The University of Ulster, GB

Polybutene Piping System used for University of Ulster at Coleraine.

The University of Ulster at Coleraine, Northern Ireland, researched the options for retrofitting a new district energy piping system to deliver heat to a large sports centre, student union and 13 separate accommodation buildings. The installation had to be fast, economical and long lasting with minimum maintenance requirements. They specified a Polybutene Piping System because of its long-term reliability record, flexibility and low weight.


A Polybutene Piping System made the grade during a major refurbishment at the main campus of University of Ulster in Northern Ireland.

PB-1 combines flexibility with excellent creep and burst pressure resistance, ensuring long-life and ease of installation.

The University of Ulster at Coleraine, Northern Ireland, is home to over 4,500 students, with nearly 400 actually living on the main campus.

It has a full range of facilities including a large sports centre, Student union and 13 separate accommodation buildings.

For such a large campus, an efficient heating System was top of the agenda during development work that took place at the Coleraine site. Generally, campus type developments such as Ulster University use district heating with a central boiler plant delivering both heating and hot water via a pipe network to the separate campus buildings. This proves to be far more economical than having individual boilers in each building.

Historically, however, there have been many problems with so-called district heating. During the 1980s, for example, corrosion of the steel pipe network caused problems in outlying buildings which relied on the central boiler plant to provide both heat and hot water. The development of plastics, such as Polybutene-1 (PB-1), has now made it far easier for installers to use and develop the technology behind district heating, resulting in a far more efficient and effective System.

The Consultant Engineer working on the Ulster University project was given a brief to specify a versatile material for the system that would not corrode and which did not require mechanical jointing. PB-1 proved to be ideally suited to the project, offering many advantages over competitive and more traditional materials.

Going the distance

Firstly, PB-1 combines inherent flexibility with excellent creep and burst pressure resistance, ensuring long-life and ease of installation. This inherent flexibility means that pipes made from PB-1 are easy for installers to transport and fit over large distances and can be bent to a tighter radius without the need for preliminary tempering or additional jointing.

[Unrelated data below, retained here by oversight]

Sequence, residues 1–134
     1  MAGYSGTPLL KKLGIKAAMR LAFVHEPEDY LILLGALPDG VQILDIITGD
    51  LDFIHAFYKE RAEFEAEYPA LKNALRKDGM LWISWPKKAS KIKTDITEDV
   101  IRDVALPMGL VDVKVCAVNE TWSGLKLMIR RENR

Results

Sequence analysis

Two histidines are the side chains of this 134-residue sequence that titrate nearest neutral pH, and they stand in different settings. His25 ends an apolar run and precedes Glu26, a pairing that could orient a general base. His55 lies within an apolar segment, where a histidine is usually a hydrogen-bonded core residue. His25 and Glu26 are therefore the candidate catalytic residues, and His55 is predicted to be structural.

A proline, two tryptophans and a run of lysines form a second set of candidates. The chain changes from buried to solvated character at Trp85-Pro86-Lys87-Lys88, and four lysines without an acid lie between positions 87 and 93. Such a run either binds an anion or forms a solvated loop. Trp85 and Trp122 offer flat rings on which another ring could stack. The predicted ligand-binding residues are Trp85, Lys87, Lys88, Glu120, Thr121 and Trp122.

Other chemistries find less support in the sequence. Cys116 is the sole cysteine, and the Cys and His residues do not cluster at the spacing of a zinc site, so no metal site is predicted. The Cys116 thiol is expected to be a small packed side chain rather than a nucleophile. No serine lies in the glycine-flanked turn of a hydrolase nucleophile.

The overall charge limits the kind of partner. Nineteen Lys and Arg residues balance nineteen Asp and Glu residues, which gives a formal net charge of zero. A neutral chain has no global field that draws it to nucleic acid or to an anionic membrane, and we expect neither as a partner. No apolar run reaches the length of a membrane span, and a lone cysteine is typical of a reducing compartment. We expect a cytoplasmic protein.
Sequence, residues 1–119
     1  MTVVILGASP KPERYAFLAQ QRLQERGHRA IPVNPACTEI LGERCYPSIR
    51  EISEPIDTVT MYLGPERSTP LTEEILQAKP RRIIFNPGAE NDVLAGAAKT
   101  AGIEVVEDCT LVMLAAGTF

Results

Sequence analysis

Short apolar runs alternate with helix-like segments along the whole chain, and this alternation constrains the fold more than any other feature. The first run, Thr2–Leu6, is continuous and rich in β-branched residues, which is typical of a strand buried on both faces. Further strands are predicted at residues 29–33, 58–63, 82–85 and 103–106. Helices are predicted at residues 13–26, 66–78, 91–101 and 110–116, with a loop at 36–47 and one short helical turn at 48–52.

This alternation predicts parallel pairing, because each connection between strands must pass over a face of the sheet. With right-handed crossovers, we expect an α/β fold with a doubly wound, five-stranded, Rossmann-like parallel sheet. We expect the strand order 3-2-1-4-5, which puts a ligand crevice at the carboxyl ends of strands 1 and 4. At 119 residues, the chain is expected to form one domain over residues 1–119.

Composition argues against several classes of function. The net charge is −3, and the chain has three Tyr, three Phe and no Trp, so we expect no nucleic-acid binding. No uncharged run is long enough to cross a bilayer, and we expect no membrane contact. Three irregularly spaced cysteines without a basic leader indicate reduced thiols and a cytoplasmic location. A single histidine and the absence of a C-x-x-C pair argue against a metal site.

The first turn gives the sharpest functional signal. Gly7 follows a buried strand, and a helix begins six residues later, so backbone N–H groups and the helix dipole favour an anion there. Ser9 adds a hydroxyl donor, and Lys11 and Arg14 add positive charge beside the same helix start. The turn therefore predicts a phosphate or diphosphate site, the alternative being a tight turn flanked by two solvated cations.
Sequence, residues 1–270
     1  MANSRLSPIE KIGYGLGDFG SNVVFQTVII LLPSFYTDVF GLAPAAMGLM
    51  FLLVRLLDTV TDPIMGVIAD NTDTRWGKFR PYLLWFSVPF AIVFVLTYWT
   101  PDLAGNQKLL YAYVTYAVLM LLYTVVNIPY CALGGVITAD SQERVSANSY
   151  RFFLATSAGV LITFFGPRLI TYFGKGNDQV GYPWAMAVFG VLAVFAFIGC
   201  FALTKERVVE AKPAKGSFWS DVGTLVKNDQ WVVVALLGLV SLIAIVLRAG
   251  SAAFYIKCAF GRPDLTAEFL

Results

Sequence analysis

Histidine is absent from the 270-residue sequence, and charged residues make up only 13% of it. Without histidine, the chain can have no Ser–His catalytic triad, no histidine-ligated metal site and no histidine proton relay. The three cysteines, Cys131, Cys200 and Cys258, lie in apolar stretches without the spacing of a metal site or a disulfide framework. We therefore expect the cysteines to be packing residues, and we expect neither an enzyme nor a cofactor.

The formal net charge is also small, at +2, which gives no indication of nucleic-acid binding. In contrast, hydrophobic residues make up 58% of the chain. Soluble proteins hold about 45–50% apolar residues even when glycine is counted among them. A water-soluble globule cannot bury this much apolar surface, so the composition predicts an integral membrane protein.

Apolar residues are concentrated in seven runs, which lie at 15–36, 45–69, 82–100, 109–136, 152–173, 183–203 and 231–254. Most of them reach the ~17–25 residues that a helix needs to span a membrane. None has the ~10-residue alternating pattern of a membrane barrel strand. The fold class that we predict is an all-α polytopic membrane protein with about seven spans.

This was a key consideration for the University as the installation needed to be as quick and straightforward as possible to avoid causing any disruption to the students. The installation was also made easier by the fact that the PB-1 pipes could be jointed using fusion welded Systems, a technique that most installers are now familiar with.

Using fusion welding also results in a homogenous Joint which cannot pull apart over time, making the original pipe even stronger and increasing its lifetime expectancy. This was important for the university as they specifically wanted a material that would provide minimum maintenance requirements to ensure that there would be as little further disruption at the campus as possible.

Using PB-1 resulted in significant cost savings for the University. Fusion welding is by far the quickest and most effective way to Joint district heating installations. PB-1 has also proved to be cost effective in terms of running costs given the fact that it is far more efficient against heat loss than steel, providing savings in excess of 40%.

The smooth bore characteristics of PB-1 also resulted in further cost savings as smaller pipe sizes could be used compared with the equivalent steel pipe size. The initial main pipe running from the boiler house was sized at 125mm and all the remaining distribution mains were in sizes of 110 mm and smaller.

"There are many advantages associated with PB-1, including pipe flexibility, ease and speed of installation and the operational lifetime," explained Christian Engel, from The Polybutene Piping Systems Association (PBPSA). "The University of Ulster had specific requirements for their district heating System and PB-1 proved to be ideally suited to the project, offering many cost savings to both the installer and end user. This ease study is an excellent example of the benefits of PB-1 and shows how PB-1 piping systems can satisfy even the most demanding design criteria."

Text edited from an article published in Plumbing, Heating and Air Movement News.

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Polybutene-1 is often referred to as Polybutene, Polybutylene, PB-1 or PB.

Polybutene-1 is not sold by PBPSA members for use in pipe applications intended for use in North America, and those parties require their customers or distributors not to sell products made from PB-1 into pipe applications for North America.

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